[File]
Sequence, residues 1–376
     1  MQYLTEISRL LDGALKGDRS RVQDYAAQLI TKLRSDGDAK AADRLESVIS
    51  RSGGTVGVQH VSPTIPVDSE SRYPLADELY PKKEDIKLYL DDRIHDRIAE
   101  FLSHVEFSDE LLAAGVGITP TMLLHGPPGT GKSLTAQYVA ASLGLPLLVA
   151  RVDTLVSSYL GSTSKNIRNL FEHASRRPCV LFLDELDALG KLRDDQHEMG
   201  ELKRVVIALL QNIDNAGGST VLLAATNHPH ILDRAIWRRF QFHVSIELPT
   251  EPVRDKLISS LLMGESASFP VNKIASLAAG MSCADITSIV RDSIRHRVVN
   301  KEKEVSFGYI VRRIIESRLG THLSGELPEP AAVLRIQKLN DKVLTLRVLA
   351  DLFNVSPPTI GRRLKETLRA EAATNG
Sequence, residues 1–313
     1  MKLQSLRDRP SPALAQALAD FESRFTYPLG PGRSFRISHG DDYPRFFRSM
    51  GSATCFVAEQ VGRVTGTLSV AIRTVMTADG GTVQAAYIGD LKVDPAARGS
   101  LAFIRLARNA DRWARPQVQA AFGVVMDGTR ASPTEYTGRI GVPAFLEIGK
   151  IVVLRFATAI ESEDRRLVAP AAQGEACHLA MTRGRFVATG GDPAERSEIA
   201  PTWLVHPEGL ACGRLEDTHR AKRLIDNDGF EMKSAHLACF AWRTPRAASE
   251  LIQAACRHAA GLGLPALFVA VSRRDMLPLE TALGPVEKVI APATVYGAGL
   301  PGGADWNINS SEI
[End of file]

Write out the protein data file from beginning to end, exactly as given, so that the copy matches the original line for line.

Sequence, residues 1–376
     1  MQYLTEISRL LDGALKGDRS RVQDYAAQLI TKLRSDGDAK AADRLESVIS
    51  RSGGTVGVQH VSPTIPVDSE SRYPLADELY PKKEDIKLYL DDRIHDRIAE
   101  FLSHVEFSDE LLAAGVGITP TMLLHGPPGT GKSLTAQYVA ASLGLPLLVA
   151  RVDTLVSSYL GSTSKNIRNL FEHASRRPCV LFLDELDALG KLRDDQHEMG
   201  ELKRVVIALL QNIDNAGGST VLLAATNHPH ILDRAIWRRF QFHVSIELPT
   251  EPVRDKLISS LLMGESASFP VNKIASLAAG MSCADITSIV RDSIRHRVVN
   301  KEKEVSFGYI VRRIIESRLG THLSGELPEP AAVLRIQKLN DKVLTLRVLA
   351  DLFNVSPPTI GRRLKETLRA EAATNG
Sequence, residues 1–313
     1  MKLQSLRDRP SPALAQALAD FESRFTYPLG PGRSFRISHG DDYPRFFRSM
    51  GSATCFVAEQ VGRVTGTLSV AIRTVMTADG GTVQAAYIGD LKVDPAARGS
   101  LAFIRLARNA DRWARPQVQA AFGVVMDGTR ASPTEYTGRI GVPAFLEIGK
   151  IVVLRFATAI ESEDRRLVAP AAQGEACHLA MTRGRFVATG GDPAERSEIA
   201  PTWLVHPEGL ACGRLEDTHR AKRLIDNDGF EMKSAHLACF AWRTPRAASE
   251  LIQAACRHAA GLGLPALFVA VSRRDMLPLE TALGPVEKVI APATVYGAGL
   301  PGGADWNINS SEI